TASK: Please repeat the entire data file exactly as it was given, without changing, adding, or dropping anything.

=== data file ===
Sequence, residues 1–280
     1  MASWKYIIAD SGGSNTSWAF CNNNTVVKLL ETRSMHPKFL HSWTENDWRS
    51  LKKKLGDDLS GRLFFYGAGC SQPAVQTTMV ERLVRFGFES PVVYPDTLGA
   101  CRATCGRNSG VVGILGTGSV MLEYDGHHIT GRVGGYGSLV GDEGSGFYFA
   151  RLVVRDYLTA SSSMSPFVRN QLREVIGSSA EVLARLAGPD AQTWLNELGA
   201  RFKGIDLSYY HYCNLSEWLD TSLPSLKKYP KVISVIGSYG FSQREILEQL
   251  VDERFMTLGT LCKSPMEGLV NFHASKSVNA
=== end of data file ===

Sequence, residues 1–280
     1  MASWKYIIAD SGGSNTSWAF CNNNTVVKLL ETRSMHPKFL HSWTENDWRS
    51  LKKKLGDDLS GRLFFYGAGC SQPAVQTTMV ERLVRFGFES PVVYPDTLGA
   101  CRATCGRNSG VVGILGTGSV MLEYDGHHIT GRVGGYGSLV GDEGSGFYFA
   151  RLVVRDYLTA SSSMSPFVRN QLREVIGSSA EVLARLAGPD AQTWLNELGA
   201  RFKGIDLSYY HYCNLSEWLD TSLPSLKKYP KVISVIGSYG FSQREILEQL
   251  VDERFMTLGT LCKSPMEGLV NFHASKSVNA